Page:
While Rogue One isn’t the best Star Wars movie ever created, it certainly isn’t the worst. The story line is interesting and gives a fuller understanding to later episodes, and the acting is excellent. It’s a movie you’ll want to see on the big screen, because of the Star-Wars-esque action sequences and graphics, which are, as expected, spectacular. You won’t be disappointed.
Bonus features include:
A Rogue Idea – Hear how ILM’s John Knoll came up with the movie’s concept – and why it’s the right film to launch the Star Wars stand-alone films.
Jyn: The Rebel – Get to know Rogue One’s defiant, resourceful survivor, and hear what it was like for Felicity Jones to bring her to life onscreen.
Cassian: The Spy – Diego Luna shares insights into his complex, driven character, who becomes a hero through selflessness, perseverance and passion.
K-2SO: The Droid – Explore the development of this reprogrammed Imperial droid, from initial pitch and character design through Alan Tudyk’s performance.
Baze & Chirrut: Guardians of the Whills – Go deeper into the relationship between these two very different characters, with Chinese superstars Jiang Wen and Donnie Yen.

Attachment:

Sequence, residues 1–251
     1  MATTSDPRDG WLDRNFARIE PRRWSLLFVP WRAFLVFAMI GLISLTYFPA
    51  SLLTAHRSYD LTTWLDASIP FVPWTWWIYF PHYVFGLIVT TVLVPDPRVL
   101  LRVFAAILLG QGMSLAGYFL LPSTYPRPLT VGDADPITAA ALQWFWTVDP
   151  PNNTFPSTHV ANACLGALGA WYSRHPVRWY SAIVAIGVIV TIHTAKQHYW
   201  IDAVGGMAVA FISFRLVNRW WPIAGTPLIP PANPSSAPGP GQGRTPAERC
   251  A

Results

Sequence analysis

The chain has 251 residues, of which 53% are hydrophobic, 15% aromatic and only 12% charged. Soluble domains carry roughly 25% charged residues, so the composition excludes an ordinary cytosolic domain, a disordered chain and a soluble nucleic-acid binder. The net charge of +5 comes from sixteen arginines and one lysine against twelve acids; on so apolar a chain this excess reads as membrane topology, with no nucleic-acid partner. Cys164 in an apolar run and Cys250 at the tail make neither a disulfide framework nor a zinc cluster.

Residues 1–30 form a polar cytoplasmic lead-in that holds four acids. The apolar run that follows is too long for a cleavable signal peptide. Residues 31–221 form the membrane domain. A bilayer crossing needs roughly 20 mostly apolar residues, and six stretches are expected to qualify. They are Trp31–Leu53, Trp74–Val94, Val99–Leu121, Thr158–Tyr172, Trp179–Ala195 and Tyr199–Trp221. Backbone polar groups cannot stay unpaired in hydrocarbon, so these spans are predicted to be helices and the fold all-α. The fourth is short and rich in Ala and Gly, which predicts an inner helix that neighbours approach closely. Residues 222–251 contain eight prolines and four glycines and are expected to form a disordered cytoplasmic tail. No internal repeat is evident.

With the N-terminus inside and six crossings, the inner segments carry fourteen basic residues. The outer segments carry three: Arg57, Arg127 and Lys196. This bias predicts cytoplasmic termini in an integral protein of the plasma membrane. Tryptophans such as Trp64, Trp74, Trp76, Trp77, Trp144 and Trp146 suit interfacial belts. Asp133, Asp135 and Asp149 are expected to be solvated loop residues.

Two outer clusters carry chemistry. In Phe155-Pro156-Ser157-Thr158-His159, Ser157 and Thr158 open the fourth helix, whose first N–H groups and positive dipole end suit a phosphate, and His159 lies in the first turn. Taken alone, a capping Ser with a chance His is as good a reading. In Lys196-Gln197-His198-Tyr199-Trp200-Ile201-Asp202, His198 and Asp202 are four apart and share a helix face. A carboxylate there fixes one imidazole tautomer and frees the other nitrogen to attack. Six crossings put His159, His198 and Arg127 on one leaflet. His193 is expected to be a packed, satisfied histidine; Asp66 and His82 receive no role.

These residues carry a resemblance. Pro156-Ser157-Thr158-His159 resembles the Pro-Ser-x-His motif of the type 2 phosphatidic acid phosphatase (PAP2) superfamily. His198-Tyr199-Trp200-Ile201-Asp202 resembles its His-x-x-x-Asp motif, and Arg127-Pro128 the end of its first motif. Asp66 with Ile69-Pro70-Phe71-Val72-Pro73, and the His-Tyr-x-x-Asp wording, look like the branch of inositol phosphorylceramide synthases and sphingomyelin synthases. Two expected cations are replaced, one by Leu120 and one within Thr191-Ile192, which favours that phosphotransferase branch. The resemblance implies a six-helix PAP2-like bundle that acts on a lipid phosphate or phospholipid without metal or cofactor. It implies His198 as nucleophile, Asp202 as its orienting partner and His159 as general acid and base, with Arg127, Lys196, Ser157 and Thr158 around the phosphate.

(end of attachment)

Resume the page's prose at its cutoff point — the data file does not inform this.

Bodhi & Saw: The Pilot & The Revolutionary – Forest Whitaker and Riz Ahmed reflect on Saw Gerrera, the broken Rebel leader, and Bodhi Rook, the Imperial pilot who defects.
The Empire – Meet a dangerous new Imperial adversary…and cross paths once more with the most iconic villain of all time.
Visions of Hope: The Look of “Rogue One” – The filmmakers describe the challenges and thrills of developing a bold new look for the movie that can fit within the world of the original trilogy.
The Princess & The Governor – See what it took to bring the vibrant young princess of “Star Wars: A New Hope” – as well as one of her most memorable foes– – back to the screen.
Epilogue: The Story Continues – Filmmakers and cast celebrate Rogue One’s premiere and look forward into the future, to the Star Wars stories yet to be told.
Rogue Connections – Uncover Easter eggs and film facts hidden throughout the movie that connect “Rogue One” to the Star Wars universe.
Let's Talk About It
Use these questions to spark discussion among family members who are interested in this movie:
• Chirrut Imwe drew upon the force in battle, repeating “I am one with the Force, and the Force is with me.” What gives you strength and courage during tough times in your life?
• Galen Erso was forced to do work on the Death Star, something with which he ethically and morally disagreed, leading him to his own rebellious act. Can you think of modern examples of people who have rebelled against their employer? Do you view them as courageous or traitors? Explain.
• This movie has a lot to say about loyalty to family, friends, and country. How important is loyalty to you? Would others describe you as loyal?